According to a survey of 2,000 working professionals conducted online for LinkedIn by Censuswide, 50 percent of U.S. employees work from home at least one day per week. And some companies, like GitLab, have built successful workforces that are entirely remote. But what do we lose when we ditch the office? Inc. asked two founders to weigh in. --As told to Brit Morse
Is the couch the office of the future?
Rousseau Kazi: Look at how people typically make connections. From dating to social networks, online community building is already happening, and businesses are just catching up.
Randy Nicolau: There's no doubt that digital platforms and community can become a part of your culture, but to say that they can become the entire culture is just dismissing us as humans. That's not human nature.
Can people collaborate digitally as easily as they do in an office?
Kazi: Meetings are really useful when things are urgent or emotional. Most things aren't. And if you're physically limited by the number of people you can fit in a room, you won't get the context you need to make your best decisions.
Nicolau: If my design team wants to change the radius from 36 degrees to 32 degrees on this one corner of a prototype, they're pointing, they're physically touching. In any business, time is your enemy, and physical collaboration is usually faster.
Does remote work hinder productivity?
Kazi: Companies and leaders have to trust their employees. Giving them the flexibility of "Hey, go where you need to go to get your best work done" is a net benefit.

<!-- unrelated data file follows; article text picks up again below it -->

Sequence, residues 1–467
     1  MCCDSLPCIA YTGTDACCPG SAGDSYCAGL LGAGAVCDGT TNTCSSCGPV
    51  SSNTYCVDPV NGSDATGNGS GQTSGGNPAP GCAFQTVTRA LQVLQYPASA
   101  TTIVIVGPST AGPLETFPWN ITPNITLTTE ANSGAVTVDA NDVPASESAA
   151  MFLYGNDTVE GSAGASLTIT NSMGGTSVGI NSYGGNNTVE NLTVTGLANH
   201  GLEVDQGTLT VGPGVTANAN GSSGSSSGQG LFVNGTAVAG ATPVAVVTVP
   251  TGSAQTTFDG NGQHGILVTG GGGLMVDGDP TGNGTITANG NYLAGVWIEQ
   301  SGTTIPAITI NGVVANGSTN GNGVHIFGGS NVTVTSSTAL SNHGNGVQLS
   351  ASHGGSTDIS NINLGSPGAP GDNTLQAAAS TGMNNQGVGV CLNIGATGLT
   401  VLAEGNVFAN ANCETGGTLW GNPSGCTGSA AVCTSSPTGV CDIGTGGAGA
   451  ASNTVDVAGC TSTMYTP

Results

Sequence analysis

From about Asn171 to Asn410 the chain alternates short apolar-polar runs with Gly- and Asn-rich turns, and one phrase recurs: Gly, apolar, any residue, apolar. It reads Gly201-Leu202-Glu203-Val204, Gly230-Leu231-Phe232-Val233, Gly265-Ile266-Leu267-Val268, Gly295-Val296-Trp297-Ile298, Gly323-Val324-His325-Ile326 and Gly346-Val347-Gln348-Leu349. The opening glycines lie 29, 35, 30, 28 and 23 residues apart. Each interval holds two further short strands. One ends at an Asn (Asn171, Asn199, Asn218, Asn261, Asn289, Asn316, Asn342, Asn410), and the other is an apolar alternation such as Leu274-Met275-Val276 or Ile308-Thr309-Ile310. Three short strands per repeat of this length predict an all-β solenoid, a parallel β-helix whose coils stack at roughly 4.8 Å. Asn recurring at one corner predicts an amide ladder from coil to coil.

Nicolau: There's a reason I don't work from home. Some people don't have the discipline. I know I will be more productive in a work environment. And some need the social interaction they get in an office.
How does a remote workplace impact company culture?
Kazi: Louder folks have a bit of an in-person advantage in meetings. In a remote format, it's not a bunch of people in a room yelling at one another. We're engaging through platforms that allow us to take our time and leave thoughtful comments.
Nicolau: We have eight offices. Our challenge is making sure that we don't have eight different cultures. We've defined a framework of core values within which these offices can create distinct but unified subcultures.
According to Gallup research published in September, productivity is highest among those who work remotely three to four days per week. It may require thinking outside the box--and the cubicle--about how to keep everyone connected, but your bottom line will benefit. And your employees will almost certainly thank you for saving them the commute.